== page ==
Books & Articles

Being with Others: curses, spells and scintillations

"Being human is not easy. The capabilities and qualities we have acquired in our long evolution are both a blessing and a curse. Our ability to think and remember, and our propensity to care for each other and make sophisticated civilisations, can work against us. And so we become cursed by consciousness, by our memories, our own character, our family and by our culture. "

"This book explores how these five curses are cast into and influence our lives, and uncovers the spells we hope will break them. It shows that our most trusted spell -- the belief that a special Other can heal, protect and save us -- does not work. Which invites the question, if being with Others does not free us from our curses, what, if anything, will? "


Beyond Threat

"In this beautifully written and humane book, we learn how we become the stories we tell about ourselves and how, by re-authoring our sense of self, we can address our demons and lead more fulfilling lives"

Jules Goddard - Fellow, London Business School

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DS Review - Leadership Insights - April 2020

The rise of the introvert

An opportunity to turn from toxic drive to reflective innovation

"Extravert characteristics and capabilities are valued and encouraged in Western cultures. Talking a lot, executing, getting things done, risk taking, quick decision making and the preference for high levels of stimulation are common habits of extraverts and we see these habits thrive in competitive, evaluative cultures dominated by toxic drive. Organisational culture is increasingly defined by such behaviours."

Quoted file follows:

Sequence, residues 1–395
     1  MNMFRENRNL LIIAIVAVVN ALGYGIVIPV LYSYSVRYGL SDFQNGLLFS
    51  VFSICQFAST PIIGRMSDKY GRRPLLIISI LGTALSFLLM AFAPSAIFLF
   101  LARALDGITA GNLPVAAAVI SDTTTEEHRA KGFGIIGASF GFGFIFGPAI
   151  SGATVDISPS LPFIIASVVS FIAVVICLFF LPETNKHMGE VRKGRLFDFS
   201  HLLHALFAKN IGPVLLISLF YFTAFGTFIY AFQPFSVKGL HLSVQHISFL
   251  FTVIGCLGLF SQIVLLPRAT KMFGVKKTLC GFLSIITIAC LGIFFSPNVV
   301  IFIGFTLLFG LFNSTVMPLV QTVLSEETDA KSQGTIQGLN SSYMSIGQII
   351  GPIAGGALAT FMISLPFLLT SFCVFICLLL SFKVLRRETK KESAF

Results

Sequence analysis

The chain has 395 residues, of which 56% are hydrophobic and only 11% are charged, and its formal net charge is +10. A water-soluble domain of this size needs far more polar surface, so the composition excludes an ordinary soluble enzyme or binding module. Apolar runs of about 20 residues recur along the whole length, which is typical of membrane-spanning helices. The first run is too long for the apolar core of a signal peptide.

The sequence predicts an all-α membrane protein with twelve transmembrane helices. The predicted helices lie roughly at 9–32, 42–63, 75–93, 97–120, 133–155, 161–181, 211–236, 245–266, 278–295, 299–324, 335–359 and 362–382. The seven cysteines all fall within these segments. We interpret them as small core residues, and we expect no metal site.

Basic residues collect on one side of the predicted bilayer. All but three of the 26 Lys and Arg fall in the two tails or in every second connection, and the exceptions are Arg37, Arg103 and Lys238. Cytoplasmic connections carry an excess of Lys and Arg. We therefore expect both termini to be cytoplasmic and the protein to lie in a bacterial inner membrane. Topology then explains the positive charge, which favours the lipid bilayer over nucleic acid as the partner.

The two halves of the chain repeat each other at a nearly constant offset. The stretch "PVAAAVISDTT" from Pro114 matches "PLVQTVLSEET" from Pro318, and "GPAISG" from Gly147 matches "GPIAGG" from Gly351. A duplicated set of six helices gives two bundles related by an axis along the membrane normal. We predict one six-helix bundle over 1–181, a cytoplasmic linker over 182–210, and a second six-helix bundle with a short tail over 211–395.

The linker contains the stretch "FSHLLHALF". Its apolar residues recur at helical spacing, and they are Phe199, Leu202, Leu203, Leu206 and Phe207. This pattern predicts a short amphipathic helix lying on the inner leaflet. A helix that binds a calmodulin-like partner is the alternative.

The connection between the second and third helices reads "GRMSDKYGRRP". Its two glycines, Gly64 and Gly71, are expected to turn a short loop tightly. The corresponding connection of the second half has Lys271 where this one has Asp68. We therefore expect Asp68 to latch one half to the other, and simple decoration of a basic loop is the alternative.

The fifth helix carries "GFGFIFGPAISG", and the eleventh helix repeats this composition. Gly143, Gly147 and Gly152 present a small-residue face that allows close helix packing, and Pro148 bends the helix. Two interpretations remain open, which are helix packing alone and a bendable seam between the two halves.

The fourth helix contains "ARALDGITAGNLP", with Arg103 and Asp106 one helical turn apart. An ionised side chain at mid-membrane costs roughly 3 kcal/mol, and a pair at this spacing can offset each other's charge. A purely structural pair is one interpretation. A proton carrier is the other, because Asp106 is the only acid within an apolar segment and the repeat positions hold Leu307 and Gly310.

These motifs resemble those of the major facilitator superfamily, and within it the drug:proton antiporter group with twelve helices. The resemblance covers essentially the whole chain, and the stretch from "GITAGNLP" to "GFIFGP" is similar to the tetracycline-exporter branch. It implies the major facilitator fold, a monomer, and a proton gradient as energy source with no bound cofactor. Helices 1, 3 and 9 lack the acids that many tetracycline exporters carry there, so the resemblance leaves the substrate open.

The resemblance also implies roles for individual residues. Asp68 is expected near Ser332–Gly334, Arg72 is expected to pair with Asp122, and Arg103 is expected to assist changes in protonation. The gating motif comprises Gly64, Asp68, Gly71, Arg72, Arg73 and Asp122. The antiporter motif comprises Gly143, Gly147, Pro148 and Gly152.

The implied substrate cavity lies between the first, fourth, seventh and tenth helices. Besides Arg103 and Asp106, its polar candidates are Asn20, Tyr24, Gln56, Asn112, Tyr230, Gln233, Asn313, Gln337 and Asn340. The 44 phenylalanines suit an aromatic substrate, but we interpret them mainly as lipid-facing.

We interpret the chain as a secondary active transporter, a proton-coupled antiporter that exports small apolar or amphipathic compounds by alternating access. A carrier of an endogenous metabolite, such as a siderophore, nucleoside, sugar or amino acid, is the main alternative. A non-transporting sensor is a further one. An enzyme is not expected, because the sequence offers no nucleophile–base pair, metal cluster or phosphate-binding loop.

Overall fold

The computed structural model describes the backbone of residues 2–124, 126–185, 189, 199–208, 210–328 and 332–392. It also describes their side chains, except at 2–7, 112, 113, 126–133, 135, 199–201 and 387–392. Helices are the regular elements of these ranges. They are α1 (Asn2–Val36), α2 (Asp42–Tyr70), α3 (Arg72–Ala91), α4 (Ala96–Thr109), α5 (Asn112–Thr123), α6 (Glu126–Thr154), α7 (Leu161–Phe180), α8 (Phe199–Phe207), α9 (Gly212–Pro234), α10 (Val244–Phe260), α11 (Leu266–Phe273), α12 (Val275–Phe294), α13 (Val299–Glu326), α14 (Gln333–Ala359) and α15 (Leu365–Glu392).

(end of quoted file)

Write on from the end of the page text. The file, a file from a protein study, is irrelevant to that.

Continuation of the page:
"The recent state of lock down triggered by the Covid-19 pandemic has seen most people grounded at home without opportunities to socialise, go to work, engage in taken-for-granted pastimes or to distract themselves in busy routines. The opportunities for extraversion have reduced. Instead we have been forced in on ourselves with time and uncertainty as our new companions."

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DS Review - Leadership Insights - April 2017

Self Compassion in a VUCA world

"Most of our problems in and beyond the workplace arise because our body and mind is over exposed to real or imagined threat. Leaders need to support their employees to notice, understand and regulate their threat response in order to stay centred when experiencing, for example, work load pressure, performance anxiety, disruptive global trends, team conflict and rapid change. Research shows that self compassion triggers neurological activity in our ‘safe brain’ that regulates threat and restores emotional equilibrium. By cultivating our safe brain we increase individual and group resilience and with it, the potential to thrive and succeed in todays VUCA environments."

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